NeuLevel, the company managing the new dot-biz domain, said it is gearing up for a surge of site registrations on Wednesday, when it takes the new domain live on the Internet.
The launch comes nearly six weeks after NeuLevel put a hold on new registrations, and more than a month after the date originally set for the dot-biz debut.
“Dot-biz addresses haven’t been available for more than a month, and we do believe it’s going to create something of a land rush,” said Douglas Armentrout, NeuLevel‘s CEO.
Dot-biz – the second new top-level domain introduced on the Web this year -– has marketed itself as the first Internet suffix designated for business websites.
Its debut comes just over a month after the launch of the first new domain, dot-info, and one year after regulators first approved dot-biz as one of seven new Web suffixes to be added to the Internet’s central routing system.
As was the case with dot-info, managers of dot-biz don’t expect to see many actual sites ready to go in the early days of the launch. Although businesses are purchasing the domains, few are dedicating resources to building content on them at this stage.
The main service the launch provides, Armentrout said, is the ability to register a dot-biz website instantly, and to check which domains are taken through NeuLevel’s Whois database of sites.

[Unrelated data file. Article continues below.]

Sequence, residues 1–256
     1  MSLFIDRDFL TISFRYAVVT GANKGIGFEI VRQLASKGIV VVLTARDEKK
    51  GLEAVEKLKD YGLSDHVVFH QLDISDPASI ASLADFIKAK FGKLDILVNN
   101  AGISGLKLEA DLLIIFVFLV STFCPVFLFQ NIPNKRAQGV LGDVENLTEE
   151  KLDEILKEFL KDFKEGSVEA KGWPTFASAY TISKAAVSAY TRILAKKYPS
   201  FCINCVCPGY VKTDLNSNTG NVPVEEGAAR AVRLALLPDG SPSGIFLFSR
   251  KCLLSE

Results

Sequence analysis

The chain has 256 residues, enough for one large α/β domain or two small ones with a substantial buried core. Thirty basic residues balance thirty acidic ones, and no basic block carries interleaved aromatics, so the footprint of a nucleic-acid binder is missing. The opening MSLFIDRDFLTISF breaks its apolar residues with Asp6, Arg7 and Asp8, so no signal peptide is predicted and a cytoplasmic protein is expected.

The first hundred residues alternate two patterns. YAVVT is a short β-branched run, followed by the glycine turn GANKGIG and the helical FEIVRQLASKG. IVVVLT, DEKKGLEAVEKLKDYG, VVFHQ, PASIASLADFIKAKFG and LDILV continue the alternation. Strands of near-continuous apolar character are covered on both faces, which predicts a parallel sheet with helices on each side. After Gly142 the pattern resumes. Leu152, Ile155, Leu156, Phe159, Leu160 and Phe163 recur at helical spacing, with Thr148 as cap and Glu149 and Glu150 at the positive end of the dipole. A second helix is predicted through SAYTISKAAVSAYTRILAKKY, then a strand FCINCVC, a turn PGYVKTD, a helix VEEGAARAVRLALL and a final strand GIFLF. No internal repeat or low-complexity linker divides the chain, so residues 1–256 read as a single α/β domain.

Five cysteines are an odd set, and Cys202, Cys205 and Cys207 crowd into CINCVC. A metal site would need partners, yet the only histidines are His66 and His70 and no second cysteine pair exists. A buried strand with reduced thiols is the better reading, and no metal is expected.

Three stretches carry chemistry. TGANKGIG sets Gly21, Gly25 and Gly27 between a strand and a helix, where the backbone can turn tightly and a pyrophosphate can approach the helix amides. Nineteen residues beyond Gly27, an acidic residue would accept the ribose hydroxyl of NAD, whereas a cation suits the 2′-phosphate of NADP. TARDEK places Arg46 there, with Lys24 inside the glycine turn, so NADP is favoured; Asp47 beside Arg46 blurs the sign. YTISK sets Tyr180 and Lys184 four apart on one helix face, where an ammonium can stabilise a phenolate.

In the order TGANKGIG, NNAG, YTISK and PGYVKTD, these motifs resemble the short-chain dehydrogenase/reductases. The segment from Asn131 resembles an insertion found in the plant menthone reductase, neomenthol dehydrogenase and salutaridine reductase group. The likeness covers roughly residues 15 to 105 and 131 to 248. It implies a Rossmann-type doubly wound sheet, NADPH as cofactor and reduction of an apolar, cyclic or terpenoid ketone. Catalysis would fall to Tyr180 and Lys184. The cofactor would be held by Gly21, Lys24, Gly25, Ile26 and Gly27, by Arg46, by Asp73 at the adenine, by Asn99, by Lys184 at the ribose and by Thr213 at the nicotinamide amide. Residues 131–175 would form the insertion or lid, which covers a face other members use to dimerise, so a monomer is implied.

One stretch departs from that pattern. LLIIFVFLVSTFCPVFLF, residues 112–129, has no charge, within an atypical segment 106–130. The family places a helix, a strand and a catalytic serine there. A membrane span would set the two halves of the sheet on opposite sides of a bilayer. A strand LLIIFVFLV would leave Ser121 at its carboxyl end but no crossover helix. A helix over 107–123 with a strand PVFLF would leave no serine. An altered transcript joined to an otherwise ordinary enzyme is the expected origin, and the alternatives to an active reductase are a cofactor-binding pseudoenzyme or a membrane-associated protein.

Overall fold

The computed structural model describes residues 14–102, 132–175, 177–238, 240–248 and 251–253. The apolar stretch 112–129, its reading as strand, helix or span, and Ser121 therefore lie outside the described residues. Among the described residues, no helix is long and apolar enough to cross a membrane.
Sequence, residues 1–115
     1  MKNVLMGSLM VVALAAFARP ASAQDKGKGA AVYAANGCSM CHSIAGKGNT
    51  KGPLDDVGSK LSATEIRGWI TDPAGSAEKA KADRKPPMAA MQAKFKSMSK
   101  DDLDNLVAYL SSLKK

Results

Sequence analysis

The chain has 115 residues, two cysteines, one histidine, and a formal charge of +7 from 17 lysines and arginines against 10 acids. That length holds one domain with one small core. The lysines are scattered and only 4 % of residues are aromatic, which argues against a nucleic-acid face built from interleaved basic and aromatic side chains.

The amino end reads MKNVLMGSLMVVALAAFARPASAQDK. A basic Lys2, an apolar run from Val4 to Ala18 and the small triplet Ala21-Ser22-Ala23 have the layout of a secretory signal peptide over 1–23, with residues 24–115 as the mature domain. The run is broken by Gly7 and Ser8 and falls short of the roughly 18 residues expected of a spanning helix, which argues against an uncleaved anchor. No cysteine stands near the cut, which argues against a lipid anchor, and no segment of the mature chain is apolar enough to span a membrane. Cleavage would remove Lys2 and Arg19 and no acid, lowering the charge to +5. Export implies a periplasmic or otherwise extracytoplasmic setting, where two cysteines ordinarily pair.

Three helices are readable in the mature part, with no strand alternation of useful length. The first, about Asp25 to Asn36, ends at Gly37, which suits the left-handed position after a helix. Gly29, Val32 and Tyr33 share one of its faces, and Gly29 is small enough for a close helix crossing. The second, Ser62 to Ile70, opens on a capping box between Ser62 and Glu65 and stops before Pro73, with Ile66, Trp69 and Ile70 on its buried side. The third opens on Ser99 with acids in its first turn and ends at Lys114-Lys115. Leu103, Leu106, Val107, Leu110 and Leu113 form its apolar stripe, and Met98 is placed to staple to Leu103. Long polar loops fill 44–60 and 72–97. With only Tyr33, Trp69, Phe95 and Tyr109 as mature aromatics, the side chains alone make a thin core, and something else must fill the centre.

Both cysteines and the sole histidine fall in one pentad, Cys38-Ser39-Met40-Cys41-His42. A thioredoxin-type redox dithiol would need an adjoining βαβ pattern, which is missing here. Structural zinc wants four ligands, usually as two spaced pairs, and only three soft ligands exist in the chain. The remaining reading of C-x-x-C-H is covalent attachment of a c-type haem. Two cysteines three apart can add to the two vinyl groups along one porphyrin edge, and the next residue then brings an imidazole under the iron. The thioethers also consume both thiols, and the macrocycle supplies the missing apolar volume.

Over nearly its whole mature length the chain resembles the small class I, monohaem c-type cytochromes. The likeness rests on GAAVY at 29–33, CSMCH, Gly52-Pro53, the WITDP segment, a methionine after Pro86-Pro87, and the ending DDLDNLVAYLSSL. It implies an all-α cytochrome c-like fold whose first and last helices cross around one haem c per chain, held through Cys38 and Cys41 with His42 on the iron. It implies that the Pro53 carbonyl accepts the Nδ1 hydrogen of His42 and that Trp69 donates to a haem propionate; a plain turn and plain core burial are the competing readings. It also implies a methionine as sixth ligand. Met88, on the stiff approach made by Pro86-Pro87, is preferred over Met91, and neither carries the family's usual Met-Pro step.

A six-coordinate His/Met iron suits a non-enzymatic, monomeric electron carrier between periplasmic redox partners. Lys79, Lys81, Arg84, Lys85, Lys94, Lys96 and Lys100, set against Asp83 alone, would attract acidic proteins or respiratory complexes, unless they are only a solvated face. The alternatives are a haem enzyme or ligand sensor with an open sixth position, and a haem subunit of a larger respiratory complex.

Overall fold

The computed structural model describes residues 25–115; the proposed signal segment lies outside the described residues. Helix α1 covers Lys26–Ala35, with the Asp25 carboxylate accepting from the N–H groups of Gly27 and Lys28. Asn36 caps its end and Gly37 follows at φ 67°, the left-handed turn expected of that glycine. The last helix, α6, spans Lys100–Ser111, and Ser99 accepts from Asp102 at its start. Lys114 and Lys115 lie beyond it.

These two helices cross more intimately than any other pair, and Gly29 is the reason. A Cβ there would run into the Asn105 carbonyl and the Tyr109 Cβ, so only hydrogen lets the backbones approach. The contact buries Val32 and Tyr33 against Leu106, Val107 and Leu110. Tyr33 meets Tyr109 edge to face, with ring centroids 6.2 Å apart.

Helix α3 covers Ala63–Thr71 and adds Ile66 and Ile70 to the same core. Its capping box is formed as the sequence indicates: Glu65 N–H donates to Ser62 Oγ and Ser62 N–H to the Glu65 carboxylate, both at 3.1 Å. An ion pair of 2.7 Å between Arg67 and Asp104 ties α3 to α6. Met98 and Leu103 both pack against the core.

Although an estimated 284,000 dot-biz websites were already snapped up in an early registration period that ended in September, officials at NeuLevel said they expect the pace of applications will pick up now that there is no waiting period for domains.
But while he prepares for an onslaught of new site registrations, Armentrout said NeuLevel is still in the process of determining what to do with an estimated 40,000 domains that remain without owners as the result of a lawsuit filed against the company in July.
The suit charged that NeuLevel used an illegal lottery scheme to dole out dot-biz addresses because it charged customers to register sites without telling them whether the domains will be made available to them.
The lawsuit does not affect domain names for which only one person or company applied. However, many of the domain names perceived as most valuable by registrants, such as those containing generic names, will not go live until issues raised in the lawsuit are resolved, NeuLevel said.